How to present your idea or invention to industry

How to present your idea or invention to industry

Many people who have come up with a great new idea find themselves presenting their idea either to a potential investor to raise capital or to a company in order to get a licensing agreement. It is likely that a lot of time and effort has gone into the idea and organising the meeting but what about the presentation and should you have a prototype?

Meeting with interested parties

The most important thing at the meeting is to inspire confidence in your idea. The invention idea must be well thought out and thoroughly researched before putting in front of the interested party. If you have seen Dragon’s Den you will know that it can be a cut throat environment and the person you are presenting to probably deals with business everyday and therefore expects a certain standard of presentation. Unfortunately a rough sketch is almost always not enough.

In the ideal world the inventor would approach the meeting with a professionally developed, patented product that has been prototyped and is fully working ready for production. However there are often limitations of budget and therefore some elements often have to be a compromise.

Don’t compromise on design

One essential element is to have a professionally designed and developed product rather than a rough sketch. By allowing interested parties to envisage your idea as a real product you stand a much greater chance of success. Often a product designer will be needed to produce this presentation. They will design out any issues regarding materials and manufacturing methods that might not be obvious to the individual.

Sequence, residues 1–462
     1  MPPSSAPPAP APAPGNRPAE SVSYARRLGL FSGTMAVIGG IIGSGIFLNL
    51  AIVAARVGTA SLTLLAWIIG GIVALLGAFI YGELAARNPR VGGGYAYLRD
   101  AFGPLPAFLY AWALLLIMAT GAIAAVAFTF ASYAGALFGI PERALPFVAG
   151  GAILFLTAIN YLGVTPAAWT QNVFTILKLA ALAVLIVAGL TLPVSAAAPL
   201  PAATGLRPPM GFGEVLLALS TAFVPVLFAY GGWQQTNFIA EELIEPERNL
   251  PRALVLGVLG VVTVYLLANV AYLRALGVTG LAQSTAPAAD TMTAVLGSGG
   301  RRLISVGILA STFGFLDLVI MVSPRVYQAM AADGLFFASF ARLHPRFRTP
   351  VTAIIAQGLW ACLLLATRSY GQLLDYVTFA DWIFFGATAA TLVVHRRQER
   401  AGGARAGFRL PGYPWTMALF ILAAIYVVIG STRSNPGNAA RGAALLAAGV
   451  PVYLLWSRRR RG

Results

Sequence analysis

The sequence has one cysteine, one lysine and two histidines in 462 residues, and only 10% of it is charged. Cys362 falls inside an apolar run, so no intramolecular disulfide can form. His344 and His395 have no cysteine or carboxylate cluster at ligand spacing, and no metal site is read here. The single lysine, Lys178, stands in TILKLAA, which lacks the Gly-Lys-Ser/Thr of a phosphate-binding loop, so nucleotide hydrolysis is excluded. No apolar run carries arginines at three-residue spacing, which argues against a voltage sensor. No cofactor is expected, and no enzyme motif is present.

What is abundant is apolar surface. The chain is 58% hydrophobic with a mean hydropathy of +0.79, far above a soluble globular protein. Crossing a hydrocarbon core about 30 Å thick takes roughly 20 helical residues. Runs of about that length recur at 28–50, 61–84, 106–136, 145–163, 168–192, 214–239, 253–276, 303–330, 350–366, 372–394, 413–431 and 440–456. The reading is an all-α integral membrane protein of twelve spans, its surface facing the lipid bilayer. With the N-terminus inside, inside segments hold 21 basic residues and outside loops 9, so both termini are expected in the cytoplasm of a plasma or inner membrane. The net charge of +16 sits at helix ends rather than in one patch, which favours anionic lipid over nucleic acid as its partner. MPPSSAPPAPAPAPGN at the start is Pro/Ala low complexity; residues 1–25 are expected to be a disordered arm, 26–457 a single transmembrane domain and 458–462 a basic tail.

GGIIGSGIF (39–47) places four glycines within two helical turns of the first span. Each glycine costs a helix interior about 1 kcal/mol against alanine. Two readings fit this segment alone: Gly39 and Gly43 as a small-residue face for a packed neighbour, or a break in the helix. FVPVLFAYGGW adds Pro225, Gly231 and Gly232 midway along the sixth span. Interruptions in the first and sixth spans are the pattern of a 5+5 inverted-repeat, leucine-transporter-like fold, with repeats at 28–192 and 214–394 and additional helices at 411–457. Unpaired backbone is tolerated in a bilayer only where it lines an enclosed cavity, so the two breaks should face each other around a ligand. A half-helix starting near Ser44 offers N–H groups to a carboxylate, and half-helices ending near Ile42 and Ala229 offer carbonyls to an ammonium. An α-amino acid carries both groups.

If necessary, compromise on prototyping

The prototype is likely to be the most costly part of presentation and is not always essential. The visualisation of the product is often enough to convey the potential benefits and feasibility of the idea to the interested party.

However industry does pay more for invention ideas that have been prototyped as they can be more certain that it will work. The prototyping process irons out some issues that may not be obvious from a 2D presentation.

When a prototype is essential

A prototype will be needed if there is any doubt that the idea will work. Cost can be saved by building a less expensive ‘proof of principle’ prototype. There are three main categories of prototype:

1. Proof of principle: A prototype that simply proves that a particularly new system or mechanism works. Often it is just part of the overall idea and it does not need to look like the final product.

2. Aesthetic model: A prototype that looks like the final product but is not fully functional.

3. Pre-production prototype: A pre-production prototype looks, feels and works like the final product. This type of prototype can be produced to mimic how it would actually be manufactured to check that everything will fit together correctly.

Protection for the new invention idea

Finally it is important to have some form of protection on an idea before revealing it to anyone. The best form of protection is a fully granted patent but this takes time and can be expensive especially if drafted by a patent agent. A self filed patent is cheaper to obtain and so is a good compromise.

The idea can be presented with just a patent filing number rather than a fully granted patent, although it would be more valuable if protected with a granted patent.

Professional product development often creates further intellectual property so it is advisable to complete the design work before filing a patent application.